Author: admin

Strangles In PEI

A horse farm in Prince Edward Island (Canada) has been quarantined by the owners in response to a strangles outbreak. Two horses at Giddy Up Acres in Owell Cove have been diagnosed, but likely many other horses on the farm have also been exposed.

In addition to quarantining the facility, the owners are taking the temperatures of all 18 horses on the farm twice a day. This is a simple and effective infection control measures as it allows for early identification of infected horses. Since horses that are infected spike a fever a day or two before they become infectious, this type of monitoring, along with proper and prompt isolation of any horse that does develop a fever, can greatly reduce the risk of any further transmission.

The owners are also using other enhanced infection control practices (e.g. using designated clothing in different parts of the barn, disinfecting) and testing all horses in the barn. Specific details about testing weren’t provided, but given their close attention to doing things right, I suspect they are going to aim to get 3 negative nasopharyngeal swabs or nasopharyngeal washes on each horse, which is the standard recommendation to call a horse strangles-free.

The source of this strangles outbreak isn’t know. Strangles is a highly contagious bacterial disease of horses caused by Streptococcus equi. It is an endemic disease in horses and circulates relatively commonly in the horse population. It could have been brought in by a new horse, or picked up from contact with a carrier somewhere off the farm (e.g. at a show) or even on the clothing, hands or equipment of someone like a visitor, farrier or veterinarian who had recent contact with an infected horse. It seems to be fairly uncommon in PEI but it’s certainly there.

The self-imposed quarantine and voluntary use of good infection control practices is great to see. It’s a major hassle for all involved, but it’s an appropriate response, and in stark contrast to some places that try to ignore or hide outbreaks. Addressing an outbreak head-on takes time and money, and often results in negative publicity, yet ultimately it’s what needs to be done to contain an outbreak. The owners of this farm should be given top credit for their approach.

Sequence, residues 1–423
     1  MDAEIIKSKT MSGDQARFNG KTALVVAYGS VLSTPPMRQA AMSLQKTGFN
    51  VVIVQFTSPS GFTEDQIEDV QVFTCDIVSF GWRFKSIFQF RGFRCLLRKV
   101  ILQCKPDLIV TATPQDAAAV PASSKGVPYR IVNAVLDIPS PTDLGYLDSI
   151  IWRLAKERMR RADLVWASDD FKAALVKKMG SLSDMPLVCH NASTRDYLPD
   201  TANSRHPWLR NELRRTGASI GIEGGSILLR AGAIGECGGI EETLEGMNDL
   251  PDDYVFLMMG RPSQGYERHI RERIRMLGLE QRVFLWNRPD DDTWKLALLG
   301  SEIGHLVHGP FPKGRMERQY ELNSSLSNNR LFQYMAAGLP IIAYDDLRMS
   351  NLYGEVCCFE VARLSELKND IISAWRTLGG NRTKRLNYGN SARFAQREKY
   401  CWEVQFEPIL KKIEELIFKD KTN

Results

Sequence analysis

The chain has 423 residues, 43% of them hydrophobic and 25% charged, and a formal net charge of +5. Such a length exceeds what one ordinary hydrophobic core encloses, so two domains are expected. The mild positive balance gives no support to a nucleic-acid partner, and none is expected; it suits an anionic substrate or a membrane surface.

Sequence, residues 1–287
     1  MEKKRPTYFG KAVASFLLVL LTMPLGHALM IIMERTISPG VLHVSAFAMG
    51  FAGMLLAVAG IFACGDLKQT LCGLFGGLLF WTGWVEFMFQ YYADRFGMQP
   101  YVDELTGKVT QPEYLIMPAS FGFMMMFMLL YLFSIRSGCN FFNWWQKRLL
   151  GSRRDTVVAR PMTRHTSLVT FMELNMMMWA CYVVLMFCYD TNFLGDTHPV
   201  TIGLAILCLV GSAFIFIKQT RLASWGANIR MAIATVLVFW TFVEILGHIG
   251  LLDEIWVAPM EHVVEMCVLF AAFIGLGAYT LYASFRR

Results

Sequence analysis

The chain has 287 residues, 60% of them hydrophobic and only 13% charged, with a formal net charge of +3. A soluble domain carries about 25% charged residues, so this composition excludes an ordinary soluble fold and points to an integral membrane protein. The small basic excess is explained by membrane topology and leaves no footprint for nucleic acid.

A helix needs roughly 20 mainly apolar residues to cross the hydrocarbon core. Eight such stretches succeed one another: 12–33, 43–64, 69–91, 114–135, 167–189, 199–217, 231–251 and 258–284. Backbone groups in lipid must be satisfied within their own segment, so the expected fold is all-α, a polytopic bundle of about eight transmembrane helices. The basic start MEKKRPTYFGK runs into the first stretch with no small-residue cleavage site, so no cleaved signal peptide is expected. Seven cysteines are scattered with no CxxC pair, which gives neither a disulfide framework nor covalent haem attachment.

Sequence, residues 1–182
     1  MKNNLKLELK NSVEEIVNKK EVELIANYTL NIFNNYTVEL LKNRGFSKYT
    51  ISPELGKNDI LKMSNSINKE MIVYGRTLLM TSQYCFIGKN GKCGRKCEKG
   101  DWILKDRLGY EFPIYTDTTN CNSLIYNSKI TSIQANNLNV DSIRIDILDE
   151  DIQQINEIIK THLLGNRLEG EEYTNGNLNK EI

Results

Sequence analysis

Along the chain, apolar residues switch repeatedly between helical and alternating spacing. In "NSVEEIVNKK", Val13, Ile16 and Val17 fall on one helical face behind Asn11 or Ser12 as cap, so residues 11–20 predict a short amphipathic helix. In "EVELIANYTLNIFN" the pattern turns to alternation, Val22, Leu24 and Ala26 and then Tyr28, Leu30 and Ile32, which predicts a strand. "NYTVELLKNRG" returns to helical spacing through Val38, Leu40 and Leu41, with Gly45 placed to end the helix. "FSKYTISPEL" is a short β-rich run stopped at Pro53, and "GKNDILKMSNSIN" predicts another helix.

Vaccination And Infection Control Are Non Synonymous

In general, the horse industry is over-reliant on vaccines. Don’t get me wrong, vaccines are useful and are an important aspect of an infectious disease control program. However, they are just one tool and they should not be the first line of defense. Rather, I think we need to change our mindset and consider vaccines as a last line of defense.

Why? Vaccination is not 100% effective. Some vaccines are very good, some are pretty bad, and none protect every horse in every situation. Some horses are not protected at all after vaccination. Sometimes exposure to a large dose of infectious agent can cause disease regardless of vaccination status. Sometimes vaccination can help reduce the severity of disease, but not the likelihood that a horse gets sick and becomes infectious.

When I think about disease control, I think about three main areas:

1) Decreasing exposure

  • If a horse doesn’t get exposed to equine influenza virus, it won’t get influenza. End of story.
  • Decreasing exposure can be fairly easy for some bugs, possible but requiring effort for others, and almost impossible for some. This is the most important overall preventive tool, however, and it should be the first line of defense. A good general infection control program goes a long way to reducing the risk of exposure.